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Wildfires Spark Safety Defense Tactics

Zillow • Aug 7, 2013 at 11:28 AM

By S.E. Slack

Dry and windy conditions dramatically increase the chance of a wildfire. It only takes a spark to consume thousands of acres and destroy hundreds of homes, as residents near the Big D and other major cities can attest. State fire officials say homes that are surrounded by a defensible space of at least 30 feet are more likely to be saved when flames are bearing down.

Ohio homeowners are taking their cues from those caught in the latest wildfires out West and performing a bit of prep work on their property to keep it as safe as possible during the fire season. Experts say that by creating defensible zones around your home, you can create a higher probability that fire will skip your home and race to another instead.

The Ohio Department of Natural Resources says two key factors have emerged as the primary methods to ensure a home's ability to survive wildfire: The quality of the "defensible space" surrounding it and the home's roofing material.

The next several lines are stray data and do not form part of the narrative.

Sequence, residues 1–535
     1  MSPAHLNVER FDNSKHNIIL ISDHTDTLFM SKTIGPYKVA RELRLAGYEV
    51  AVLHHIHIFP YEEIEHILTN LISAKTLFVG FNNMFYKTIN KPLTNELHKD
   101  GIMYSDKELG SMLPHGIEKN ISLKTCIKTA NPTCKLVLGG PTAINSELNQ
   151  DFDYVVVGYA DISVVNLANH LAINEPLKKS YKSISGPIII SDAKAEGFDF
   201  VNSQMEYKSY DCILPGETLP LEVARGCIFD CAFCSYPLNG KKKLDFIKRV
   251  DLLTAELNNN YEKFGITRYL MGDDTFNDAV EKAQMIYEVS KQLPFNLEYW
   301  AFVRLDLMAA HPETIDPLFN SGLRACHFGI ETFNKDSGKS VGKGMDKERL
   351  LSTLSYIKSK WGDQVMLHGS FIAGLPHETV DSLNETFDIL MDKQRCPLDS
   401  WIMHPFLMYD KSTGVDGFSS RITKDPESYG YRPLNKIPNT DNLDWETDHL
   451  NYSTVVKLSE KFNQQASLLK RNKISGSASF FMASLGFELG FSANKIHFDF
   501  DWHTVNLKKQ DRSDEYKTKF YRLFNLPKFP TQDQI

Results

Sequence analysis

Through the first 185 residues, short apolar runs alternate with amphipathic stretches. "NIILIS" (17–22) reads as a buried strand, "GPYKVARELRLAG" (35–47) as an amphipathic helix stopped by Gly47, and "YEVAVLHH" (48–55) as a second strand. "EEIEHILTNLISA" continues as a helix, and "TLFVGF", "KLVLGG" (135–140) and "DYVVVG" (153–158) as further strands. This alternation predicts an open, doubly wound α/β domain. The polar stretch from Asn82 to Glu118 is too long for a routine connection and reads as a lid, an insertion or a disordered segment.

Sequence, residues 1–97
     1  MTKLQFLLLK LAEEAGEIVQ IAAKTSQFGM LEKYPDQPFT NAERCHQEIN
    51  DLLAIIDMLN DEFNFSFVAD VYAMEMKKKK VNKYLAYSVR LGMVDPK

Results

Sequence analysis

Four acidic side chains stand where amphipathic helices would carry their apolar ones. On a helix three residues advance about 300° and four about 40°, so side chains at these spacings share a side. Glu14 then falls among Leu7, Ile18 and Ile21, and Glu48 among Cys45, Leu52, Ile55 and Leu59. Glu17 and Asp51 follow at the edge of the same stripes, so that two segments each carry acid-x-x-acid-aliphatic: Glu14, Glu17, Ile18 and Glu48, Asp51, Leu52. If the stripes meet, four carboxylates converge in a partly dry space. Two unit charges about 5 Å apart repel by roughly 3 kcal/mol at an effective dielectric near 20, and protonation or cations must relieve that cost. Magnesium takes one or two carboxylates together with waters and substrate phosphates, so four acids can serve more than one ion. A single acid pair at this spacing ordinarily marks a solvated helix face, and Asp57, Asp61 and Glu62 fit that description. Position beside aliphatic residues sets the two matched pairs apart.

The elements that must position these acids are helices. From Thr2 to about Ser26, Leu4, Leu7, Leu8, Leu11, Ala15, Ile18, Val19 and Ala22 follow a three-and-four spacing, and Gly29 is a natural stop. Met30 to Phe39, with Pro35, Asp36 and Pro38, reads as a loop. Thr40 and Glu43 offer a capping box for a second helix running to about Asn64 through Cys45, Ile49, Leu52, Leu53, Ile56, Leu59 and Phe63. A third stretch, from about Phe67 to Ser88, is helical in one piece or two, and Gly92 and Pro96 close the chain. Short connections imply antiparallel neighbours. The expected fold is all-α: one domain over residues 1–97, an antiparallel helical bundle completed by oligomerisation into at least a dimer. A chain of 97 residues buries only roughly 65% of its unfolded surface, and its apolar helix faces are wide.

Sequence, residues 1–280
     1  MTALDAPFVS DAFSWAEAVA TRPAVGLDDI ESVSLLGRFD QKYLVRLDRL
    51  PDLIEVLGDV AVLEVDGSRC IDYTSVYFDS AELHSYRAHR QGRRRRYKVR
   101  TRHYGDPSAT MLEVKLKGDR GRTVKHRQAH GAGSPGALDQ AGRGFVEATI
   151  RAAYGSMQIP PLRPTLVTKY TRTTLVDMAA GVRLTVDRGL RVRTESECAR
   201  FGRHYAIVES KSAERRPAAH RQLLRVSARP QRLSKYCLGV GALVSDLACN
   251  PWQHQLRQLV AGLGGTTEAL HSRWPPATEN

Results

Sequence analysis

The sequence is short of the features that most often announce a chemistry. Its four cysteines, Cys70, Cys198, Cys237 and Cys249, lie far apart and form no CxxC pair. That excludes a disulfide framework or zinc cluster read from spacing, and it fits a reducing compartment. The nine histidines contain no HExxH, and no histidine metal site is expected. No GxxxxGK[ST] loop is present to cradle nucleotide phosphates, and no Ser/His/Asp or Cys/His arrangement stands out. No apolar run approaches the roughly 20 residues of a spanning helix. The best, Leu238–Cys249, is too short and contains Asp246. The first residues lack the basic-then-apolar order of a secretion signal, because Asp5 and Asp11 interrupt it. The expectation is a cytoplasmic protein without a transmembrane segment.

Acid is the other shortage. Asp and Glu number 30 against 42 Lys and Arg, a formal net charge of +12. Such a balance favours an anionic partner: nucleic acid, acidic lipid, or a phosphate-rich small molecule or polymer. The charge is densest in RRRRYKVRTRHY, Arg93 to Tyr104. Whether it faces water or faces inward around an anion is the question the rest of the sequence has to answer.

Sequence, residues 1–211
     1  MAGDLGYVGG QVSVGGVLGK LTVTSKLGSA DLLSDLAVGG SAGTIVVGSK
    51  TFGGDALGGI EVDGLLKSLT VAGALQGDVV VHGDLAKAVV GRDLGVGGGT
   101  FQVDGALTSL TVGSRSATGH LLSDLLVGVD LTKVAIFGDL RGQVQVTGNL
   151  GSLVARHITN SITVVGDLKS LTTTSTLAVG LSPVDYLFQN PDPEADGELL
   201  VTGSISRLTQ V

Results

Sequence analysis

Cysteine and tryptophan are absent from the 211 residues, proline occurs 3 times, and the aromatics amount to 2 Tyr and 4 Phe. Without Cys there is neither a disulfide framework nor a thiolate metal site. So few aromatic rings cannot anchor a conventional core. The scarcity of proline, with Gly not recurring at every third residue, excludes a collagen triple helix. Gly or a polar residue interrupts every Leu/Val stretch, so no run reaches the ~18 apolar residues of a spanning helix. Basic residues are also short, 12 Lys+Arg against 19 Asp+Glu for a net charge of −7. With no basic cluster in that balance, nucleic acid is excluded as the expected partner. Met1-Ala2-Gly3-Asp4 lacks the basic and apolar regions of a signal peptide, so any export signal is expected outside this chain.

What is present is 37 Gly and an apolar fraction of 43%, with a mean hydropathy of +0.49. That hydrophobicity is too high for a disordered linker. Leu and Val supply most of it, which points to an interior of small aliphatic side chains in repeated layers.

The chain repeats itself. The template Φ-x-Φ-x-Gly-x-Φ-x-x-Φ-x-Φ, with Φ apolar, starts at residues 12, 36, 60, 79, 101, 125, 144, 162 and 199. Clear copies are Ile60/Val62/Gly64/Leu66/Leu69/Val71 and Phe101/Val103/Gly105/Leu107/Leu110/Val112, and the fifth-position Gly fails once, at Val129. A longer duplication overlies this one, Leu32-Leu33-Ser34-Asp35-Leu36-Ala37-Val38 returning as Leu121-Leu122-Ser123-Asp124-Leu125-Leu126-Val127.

It’s helpful to think of your home as the center of multiple circles, say experts. At 30-foot intervals from your home, think carefully about combustible materials and whether they could be added fuel for a wildfire bearing down on your home. Start close to the home by trimming limbs and bushes, clearing the roof and gutters of leaves and debris, and adding lattice or wire mesh beneath any decks to prevent the accumulation of debris.

Stack woodpiles at least 30-feet away from your home and maintain grass and weeds at a height no taller than 4 inches, even as far out as 100 feet from your home.

Roofing materials should be made of fire-resistive materials (Class C or better rating). If the full replacement cost of a roof is too prohibitive for your budget, you can start by replacing old shingles with the newer class of materials piece-by-piece.

Nothing is foolproof when a racing wildfire is on the warpath. But a few simple techniques could help keep it at bay long enough for firefighters to save your home.


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